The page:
“Sorry about that,” Theo said, appearing suddenly beside me. He picked up his laptop bag and the baby’s bag, leaving the others for the porter, startling me for a second when I felt the warmth of his hand on my back as we entered the lobby proper. “You two stay here. I won’t be long.”
The baby was starting to fuss again, having woken up just as we arrived at the hotel. I knelt down to check that he wasn’t strapped in too tight, caught a whiff of something horrible, and wrinkled my nose at the deceptively sweet baby.
“Oh, man, I didn’t even think of that,” I told him, sending up a little prayer that Theo knew how to change a baby. “I’m sorry you’re sitting in your own feces, Peter. I imagine it’s very uncomfortable as well as being extremely stinky, but as soon as your daddy gets us to his room, I’m sure he’ll clean you up and make you happy again. I wonder what you like to eat.”
Peter, who had been sucking on his fingers, suddenly yelled, “No no no no” when Theo approached, pointing the accusatory wet fingers at him.
“He can talk,” Theo said, a look of delight crossing his face. “I wonder what else he can say? Can you say ‘Papa,’ Peter? ‘Papa’? Maybe I have a piece of candy... ” Theo set down his laptop bag and started patting the pockets of his suit jacket.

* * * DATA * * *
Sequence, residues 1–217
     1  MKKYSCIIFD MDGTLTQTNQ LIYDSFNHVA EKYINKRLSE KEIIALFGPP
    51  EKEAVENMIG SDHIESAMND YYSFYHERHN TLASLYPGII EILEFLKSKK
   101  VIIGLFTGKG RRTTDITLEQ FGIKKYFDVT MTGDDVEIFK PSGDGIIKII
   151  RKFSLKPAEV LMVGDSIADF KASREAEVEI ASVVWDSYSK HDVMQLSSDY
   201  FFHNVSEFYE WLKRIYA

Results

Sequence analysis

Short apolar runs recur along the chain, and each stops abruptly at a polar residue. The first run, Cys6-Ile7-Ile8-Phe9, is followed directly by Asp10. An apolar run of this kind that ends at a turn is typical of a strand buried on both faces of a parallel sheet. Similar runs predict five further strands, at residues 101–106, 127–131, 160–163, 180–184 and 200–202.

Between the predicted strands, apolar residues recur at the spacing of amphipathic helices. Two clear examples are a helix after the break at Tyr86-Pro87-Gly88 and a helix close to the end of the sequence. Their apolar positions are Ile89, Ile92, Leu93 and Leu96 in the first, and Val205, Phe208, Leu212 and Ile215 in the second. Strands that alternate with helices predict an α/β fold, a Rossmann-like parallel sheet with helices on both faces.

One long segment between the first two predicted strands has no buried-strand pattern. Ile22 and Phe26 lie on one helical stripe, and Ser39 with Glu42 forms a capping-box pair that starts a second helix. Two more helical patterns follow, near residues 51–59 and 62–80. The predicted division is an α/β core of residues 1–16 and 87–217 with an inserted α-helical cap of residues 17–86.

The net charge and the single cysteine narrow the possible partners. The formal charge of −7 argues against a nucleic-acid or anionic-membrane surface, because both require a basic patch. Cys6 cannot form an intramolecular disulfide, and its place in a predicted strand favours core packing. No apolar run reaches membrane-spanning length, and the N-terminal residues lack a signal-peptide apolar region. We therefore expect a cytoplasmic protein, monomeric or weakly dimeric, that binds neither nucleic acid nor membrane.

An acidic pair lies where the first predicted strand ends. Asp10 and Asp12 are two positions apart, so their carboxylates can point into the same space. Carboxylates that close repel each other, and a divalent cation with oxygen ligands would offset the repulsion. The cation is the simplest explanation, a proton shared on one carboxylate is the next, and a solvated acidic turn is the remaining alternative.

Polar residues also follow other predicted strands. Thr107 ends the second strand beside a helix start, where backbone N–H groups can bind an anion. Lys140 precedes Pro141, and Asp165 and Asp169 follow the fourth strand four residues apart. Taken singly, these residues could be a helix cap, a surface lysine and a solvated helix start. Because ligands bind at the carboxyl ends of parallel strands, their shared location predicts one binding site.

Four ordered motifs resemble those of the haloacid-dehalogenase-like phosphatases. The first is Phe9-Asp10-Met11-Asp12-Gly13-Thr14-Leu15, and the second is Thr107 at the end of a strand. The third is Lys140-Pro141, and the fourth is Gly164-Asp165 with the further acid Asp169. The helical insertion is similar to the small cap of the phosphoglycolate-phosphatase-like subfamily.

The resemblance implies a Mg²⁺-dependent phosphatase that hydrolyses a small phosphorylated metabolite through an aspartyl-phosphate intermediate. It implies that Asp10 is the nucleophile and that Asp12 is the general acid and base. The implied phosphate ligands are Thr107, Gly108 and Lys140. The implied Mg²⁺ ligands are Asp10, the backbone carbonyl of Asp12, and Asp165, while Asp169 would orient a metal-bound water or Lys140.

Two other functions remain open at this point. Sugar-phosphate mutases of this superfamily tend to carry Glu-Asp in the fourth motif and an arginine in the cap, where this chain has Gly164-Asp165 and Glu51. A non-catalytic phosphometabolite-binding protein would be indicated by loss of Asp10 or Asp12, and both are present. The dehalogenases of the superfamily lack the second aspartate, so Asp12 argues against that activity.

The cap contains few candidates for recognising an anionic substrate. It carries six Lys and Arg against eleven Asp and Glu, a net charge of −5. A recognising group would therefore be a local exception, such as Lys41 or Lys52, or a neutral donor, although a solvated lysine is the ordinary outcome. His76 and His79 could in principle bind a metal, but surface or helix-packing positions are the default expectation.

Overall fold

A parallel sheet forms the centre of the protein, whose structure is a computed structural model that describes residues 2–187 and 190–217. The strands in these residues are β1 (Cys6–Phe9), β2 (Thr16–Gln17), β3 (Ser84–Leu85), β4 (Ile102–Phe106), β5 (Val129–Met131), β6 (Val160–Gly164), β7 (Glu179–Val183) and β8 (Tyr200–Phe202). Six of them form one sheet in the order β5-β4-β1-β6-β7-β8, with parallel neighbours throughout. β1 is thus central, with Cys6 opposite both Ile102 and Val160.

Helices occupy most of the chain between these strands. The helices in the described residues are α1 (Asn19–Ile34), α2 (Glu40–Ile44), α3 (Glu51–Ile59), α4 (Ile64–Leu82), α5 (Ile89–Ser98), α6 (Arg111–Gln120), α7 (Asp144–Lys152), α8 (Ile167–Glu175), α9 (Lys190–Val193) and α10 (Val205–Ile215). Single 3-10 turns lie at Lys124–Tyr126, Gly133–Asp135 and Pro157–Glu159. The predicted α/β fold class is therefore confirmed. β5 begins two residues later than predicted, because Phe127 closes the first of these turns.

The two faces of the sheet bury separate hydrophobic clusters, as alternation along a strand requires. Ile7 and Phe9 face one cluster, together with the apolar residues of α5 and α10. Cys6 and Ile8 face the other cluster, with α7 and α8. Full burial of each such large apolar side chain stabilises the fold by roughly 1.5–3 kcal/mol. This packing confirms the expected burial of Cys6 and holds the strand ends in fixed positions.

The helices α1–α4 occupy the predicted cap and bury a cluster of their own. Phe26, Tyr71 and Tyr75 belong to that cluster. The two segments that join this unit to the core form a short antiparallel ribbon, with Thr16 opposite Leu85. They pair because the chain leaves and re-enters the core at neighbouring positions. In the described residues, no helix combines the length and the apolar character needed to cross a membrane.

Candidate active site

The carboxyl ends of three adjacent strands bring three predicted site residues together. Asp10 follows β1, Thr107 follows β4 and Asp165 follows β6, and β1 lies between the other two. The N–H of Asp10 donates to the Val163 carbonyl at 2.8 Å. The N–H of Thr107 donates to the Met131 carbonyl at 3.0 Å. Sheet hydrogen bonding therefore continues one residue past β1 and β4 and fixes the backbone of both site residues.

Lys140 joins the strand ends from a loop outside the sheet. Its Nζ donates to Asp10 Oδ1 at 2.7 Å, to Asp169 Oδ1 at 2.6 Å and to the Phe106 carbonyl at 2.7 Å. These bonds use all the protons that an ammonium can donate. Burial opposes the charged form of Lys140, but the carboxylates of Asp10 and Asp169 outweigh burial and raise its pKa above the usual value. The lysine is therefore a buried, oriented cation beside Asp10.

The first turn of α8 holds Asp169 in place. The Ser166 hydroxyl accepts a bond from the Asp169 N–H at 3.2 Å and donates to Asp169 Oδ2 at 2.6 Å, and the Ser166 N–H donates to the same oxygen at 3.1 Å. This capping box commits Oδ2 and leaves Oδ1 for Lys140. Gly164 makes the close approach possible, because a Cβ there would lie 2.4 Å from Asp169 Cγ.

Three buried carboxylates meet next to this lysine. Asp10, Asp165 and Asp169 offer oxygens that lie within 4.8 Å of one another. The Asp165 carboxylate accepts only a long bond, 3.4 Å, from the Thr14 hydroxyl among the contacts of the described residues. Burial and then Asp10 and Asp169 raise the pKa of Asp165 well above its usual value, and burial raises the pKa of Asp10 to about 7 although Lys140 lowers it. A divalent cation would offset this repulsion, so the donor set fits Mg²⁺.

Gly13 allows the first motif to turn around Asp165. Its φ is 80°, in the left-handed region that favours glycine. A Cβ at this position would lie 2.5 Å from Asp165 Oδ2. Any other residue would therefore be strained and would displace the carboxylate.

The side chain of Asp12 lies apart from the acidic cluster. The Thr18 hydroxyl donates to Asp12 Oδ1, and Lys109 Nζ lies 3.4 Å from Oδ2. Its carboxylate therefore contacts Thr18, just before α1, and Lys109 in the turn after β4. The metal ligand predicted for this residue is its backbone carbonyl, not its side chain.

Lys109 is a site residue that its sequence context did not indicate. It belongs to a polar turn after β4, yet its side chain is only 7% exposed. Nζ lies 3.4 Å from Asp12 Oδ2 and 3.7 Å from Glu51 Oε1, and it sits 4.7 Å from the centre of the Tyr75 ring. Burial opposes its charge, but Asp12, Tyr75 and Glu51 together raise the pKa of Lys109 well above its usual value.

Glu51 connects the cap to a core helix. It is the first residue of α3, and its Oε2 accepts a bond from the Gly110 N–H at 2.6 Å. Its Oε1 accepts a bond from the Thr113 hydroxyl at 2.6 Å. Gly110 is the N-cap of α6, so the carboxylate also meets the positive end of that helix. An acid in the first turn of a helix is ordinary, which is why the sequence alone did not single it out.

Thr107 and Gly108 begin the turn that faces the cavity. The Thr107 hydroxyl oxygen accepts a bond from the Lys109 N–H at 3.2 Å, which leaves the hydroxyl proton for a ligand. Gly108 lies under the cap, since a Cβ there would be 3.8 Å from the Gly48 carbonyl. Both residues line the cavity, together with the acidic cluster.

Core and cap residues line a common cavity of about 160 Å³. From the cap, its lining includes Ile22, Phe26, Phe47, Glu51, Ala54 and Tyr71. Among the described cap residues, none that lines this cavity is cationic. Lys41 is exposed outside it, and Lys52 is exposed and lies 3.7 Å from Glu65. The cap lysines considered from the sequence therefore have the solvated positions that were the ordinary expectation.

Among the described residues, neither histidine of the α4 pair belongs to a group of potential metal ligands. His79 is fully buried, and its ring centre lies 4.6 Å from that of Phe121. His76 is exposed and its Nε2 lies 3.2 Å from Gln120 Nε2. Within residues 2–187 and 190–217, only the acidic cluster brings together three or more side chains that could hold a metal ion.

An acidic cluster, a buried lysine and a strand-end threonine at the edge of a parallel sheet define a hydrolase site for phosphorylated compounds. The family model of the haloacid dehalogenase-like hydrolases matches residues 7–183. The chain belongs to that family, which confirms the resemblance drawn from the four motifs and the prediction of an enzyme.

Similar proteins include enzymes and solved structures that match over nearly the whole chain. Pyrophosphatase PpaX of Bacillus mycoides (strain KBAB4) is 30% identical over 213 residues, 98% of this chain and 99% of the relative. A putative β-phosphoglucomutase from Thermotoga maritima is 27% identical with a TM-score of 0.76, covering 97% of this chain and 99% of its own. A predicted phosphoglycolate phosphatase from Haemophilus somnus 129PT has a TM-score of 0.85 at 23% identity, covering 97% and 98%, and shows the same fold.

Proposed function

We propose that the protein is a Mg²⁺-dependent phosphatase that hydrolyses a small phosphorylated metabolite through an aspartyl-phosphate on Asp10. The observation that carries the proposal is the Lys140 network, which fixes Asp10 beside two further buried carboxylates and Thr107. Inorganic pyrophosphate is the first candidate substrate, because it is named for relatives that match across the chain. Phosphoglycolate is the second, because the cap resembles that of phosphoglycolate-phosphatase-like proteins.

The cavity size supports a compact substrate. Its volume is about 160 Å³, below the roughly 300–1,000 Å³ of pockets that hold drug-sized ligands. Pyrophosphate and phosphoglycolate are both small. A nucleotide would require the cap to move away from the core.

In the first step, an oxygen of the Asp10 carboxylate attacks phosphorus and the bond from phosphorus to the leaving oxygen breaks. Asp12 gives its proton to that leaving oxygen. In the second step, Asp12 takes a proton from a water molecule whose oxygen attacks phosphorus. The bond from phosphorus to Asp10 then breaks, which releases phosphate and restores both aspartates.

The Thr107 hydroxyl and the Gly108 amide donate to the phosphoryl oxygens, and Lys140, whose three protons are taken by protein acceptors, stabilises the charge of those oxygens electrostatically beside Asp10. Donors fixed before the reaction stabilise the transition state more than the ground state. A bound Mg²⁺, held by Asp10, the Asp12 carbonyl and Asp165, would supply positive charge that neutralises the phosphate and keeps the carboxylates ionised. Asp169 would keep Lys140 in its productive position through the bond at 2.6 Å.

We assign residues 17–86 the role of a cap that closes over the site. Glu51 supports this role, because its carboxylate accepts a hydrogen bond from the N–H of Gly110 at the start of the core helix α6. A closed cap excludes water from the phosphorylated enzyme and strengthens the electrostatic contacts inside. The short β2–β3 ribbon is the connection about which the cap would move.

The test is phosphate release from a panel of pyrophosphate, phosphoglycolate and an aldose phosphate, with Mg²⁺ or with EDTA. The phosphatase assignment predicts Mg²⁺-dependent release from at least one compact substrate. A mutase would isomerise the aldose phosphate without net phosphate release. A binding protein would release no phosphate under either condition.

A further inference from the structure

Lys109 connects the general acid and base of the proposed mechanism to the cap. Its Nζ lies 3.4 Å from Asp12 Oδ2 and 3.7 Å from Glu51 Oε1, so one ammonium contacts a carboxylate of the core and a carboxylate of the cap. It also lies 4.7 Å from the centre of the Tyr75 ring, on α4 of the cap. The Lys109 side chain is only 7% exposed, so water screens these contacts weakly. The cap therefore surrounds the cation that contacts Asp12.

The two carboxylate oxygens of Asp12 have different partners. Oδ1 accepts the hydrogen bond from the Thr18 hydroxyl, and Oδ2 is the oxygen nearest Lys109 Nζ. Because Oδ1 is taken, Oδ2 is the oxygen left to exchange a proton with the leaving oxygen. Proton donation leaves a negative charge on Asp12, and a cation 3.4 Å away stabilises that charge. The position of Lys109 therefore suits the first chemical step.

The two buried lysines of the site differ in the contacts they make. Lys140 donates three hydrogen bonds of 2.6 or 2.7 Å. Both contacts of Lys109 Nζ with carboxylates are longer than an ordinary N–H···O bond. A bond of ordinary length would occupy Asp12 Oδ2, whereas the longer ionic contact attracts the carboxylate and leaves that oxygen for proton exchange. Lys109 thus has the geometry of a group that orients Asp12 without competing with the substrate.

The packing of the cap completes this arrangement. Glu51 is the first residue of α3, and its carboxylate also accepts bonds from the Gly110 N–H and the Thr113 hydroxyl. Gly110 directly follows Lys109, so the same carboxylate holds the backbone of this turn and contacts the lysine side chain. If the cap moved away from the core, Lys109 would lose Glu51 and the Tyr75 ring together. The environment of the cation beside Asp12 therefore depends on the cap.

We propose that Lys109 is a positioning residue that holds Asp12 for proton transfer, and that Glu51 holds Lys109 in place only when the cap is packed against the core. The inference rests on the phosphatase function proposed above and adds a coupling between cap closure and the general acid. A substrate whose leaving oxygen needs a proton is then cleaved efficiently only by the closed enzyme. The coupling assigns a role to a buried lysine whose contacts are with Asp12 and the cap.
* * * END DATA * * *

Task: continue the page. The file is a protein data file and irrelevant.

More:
“He’s not a parrot, Theo,” I said, and, when Peter’s face started to crumple up into more tears, gave in to instincts I didn’t know I possessed and took him out of the stroller, balancing him on my hip while I rubbed his back again. “I’m going to give you a little piece of advice that I hope you take to heart, baby. Never let other people project their expectations onto you. You do not have to say ‘Papa’ if you don’t want to. Just because he’s your father doesn’t mean he has the right to demand things of you that you’re not comfortable providing. You say ‘Papa’ in your own good time. And if you don’t want to do that, you can just call him no no no. We are not here to judge you. Just find your inner happy place, and don’t worry about other people, OK?”
Theo looked like he wanted to laugh, but he managed to keep a straight face when we went toward the elevator, a porter with our things on a wheeled cart following behind us.
“Oh, this is quite ... large,” I said a few minutes later, looking around the suite that Theo had booked. The living room alone could probably have fit my previous apartment into it.
Theo paid off the porter, opened the door to one bedroom, then strode across the living room to the other. “Do you have a preference which room you want?”
I shook my head, still taking in the elegant surroundings.
“I’ll take this one, then. It has two beds in it.” He collected his luggage and that of the baby, and took them into his room.
Hadn’t he said something to his ex about not being able to afford the baby? How was he paying for this room if money was tight? He should have downgraded. Or was it a business thing? One of the attorneys in the law firm I’d worked for once told me that appearance was everything, and that if you looked like you had money, people believed you did. Maybe he was putting on a good front for business reasons?